The two smallest works, Deep Yellow Filtered Pink and Deep Blue Filtered Silver, are the more intimate pieces on show, both for their size and their detail.  The solidity and thickness of their composite wood support is sometimes revealed, and gives a heightened sense of materiality. Together, the details of re-worked collaged magazine cuttings and the painted areas combine to pull in the viewer. The geometric forms contained within the plane appear to be of in-between interior spaces and boundaries, such as corridors and staircases, with each form interrupting or overlaying the next.  These re-worked surfaces become an open system of memories, recalled and worked out as if the process has a cathartic value for the artist.  Although these two smaller works have the feel of an open-ended construction process, their compositions feel resolved and complete.  


Deep Blue Filtered Silver, 2017, acrylic and collage on wood, 13 x 25 cm

The previous work’s resolution is in direct contrast to one of the two largest works on show, Double Black Filtered Red, which has the appearance of a work in progress.


Double Black Filtered Red is constructed from two adjacent canvases with an unfixed red Perspex triangle that sits atop the left-hand side.  The triangle’s seemingly casual placement gives the impression that the decision for its placement was taken on the day of the exhibition hang. And its composition of confident bands and black shapes, echoing the triangular vertical extension of Soft Orange Filtered Black on the adjacent wall, appear so freshly painted that the paint might have been applied only yesterday.  Without the revisiting of Noga’s personal history, and with its combination of brash colours including hot pink and lemon yellow, Double Black Filtered Red appears to belong to the present, and with its open-ended composition, extends that presence into the future.


Double Black Filtered Red, 2017, acrylic and Perspex on canvas, 80 x 106 cm

Composed of two canvases, Soft Red Filtered Grey is the longest work on show. On its left hand side, grey-tone colours dominate, with the exception of a luminous orange band that demarcates the canvas from the blue-toned grey edge of the right-hand canvas. This right-hand canvas is an altogether different affair; balanced in composition, the colours brighten and ascend to complementary with a pair of strong vertical red bands enclosed by green.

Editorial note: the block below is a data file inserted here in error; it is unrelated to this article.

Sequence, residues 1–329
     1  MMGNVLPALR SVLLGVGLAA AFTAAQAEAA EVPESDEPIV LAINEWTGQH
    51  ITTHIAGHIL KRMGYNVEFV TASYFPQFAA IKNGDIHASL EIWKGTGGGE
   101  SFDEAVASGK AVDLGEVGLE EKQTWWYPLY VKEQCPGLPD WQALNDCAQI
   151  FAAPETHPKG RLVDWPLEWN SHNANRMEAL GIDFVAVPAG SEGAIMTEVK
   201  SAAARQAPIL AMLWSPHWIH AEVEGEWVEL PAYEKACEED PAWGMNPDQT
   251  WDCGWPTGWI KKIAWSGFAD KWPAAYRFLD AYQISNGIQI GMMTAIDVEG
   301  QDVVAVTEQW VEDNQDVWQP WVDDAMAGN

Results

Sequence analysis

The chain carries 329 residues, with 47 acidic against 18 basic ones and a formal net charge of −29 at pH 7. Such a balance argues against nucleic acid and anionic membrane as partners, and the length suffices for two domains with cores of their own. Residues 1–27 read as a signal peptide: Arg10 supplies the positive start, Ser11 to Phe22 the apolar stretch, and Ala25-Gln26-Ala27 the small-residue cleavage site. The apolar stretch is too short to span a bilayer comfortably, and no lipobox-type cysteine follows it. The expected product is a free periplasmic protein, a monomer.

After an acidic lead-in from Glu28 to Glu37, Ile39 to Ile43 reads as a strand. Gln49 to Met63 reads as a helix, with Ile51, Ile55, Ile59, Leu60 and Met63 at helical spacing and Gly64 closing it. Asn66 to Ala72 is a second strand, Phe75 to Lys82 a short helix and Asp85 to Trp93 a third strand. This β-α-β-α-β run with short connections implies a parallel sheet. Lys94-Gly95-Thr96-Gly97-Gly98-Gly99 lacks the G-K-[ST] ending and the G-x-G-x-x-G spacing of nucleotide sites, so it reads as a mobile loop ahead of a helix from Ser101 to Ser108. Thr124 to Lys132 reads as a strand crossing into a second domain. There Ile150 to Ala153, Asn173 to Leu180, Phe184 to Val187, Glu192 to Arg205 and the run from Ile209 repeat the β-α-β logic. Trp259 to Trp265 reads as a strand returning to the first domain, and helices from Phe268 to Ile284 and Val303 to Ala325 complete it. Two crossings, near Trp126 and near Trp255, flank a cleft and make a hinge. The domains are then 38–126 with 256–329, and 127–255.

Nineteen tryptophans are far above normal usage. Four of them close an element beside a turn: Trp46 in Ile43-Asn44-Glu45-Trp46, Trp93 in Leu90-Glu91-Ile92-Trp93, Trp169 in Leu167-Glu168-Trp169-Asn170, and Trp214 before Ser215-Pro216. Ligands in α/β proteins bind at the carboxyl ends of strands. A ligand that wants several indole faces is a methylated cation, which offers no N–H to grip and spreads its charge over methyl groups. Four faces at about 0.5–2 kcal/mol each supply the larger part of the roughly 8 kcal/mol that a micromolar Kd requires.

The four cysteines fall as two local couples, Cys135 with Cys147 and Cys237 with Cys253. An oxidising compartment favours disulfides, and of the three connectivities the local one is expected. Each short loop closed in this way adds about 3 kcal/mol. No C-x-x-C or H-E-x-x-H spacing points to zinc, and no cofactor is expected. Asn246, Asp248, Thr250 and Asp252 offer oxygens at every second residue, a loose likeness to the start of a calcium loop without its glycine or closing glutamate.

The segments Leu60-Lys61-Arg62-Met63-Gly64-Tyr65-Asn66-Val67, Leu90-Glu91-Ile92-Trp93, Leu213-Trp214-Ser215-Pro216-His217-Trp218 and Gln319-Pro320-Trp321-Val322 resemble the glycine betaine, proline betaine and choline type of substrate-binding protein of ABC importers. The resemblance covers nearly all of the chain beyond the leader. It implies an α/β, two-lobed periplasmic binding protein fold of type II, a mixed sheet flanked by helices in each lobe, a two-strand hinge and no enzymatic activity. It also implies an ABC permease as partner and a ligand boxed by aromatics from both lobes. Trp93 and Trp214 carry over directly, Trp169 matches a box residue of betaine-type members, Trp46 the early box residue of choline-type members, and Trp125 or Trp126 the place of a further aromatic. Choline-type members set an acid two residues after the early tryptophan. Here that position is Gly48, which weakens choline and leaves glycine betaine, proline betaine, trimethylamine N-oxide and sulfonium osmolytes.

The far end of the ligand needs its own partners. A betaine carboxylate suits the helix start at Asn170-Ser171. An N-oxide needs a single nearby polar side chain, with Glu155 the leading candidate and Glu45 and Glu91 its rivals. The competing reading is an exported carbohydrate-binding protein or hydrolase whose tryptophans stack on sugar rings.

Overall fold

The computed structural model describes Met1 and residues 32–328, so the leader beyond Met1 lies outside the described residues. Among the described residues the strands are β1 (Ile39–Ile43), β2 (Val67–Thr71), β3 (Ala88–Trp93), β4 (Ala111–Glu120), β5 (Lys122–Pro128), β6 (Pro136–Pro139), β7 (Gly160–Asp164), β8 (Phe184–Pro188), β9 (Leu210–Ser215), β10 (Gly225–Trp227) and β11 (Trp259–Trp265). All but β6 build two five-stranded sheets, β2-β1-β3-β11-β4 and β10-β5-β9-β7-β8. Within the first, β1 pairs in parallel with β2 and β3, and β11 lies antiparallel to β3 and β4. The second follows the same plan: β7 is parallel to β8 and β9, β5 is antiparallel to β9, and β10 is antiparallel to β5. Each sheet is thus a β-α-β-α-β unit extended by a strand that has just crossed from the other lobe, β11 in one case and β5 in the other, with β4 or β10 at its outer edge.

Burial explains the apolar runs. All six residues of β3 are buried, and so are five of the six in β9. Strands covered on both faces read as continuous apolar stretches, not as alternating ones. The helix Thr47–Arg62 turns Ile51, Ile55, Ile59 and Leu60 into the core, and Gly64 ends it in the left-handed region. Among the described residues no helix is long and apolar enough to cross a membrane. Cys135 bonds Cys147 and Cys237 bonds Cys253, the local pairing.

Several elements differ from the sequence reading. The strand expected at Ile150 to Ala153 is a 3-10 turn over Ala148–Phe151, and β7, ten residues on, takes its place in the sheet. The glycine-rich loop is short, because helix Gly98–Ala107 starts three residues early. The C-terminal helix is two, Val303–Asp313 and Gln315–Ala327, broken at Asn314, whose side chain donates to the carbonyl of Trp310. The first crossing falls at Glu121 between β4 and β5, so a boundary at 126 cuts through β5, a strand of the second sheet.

Soft Red Filtered Grey, 2017, acrylic and collage on canvas, 40 x 200 cm

The pivotal point of Soft Red Filtered Grey is the presence of a small brown leather ring attached to the surface of the left hand side. Perhaps belonging to a piece of furniture, its previous function is ambiguous; it appears to be an object held in safe-keeping in case, one day, it becomes known where it belongs.  With the collaged surface of the canvas painted over, the ring and its historical ambiguities serve as the only personal reference or signifier of the artist’s past.  Although this space for personal reflection sits comfortably within the grey-tones of the left hand canvas, Noga sets up a psychological tension between this space and the right hand canvas, with its overpowering colour fields of abstract geometries.


The titling of each work in Open Systems, referring to one colour filtered by another, indicates an object or experience changed or remembered as something else. It alludes to the artist’s, and our, perception becoming coloured by personal filters or collective memory.  With no one rule dictating the connection between the colours in the artworks and their titles, their titling also appears to be an open system; a system with an added consequence that with titles so similar, and quite easily confused, Noga is perhaps making our memory an extension of the show.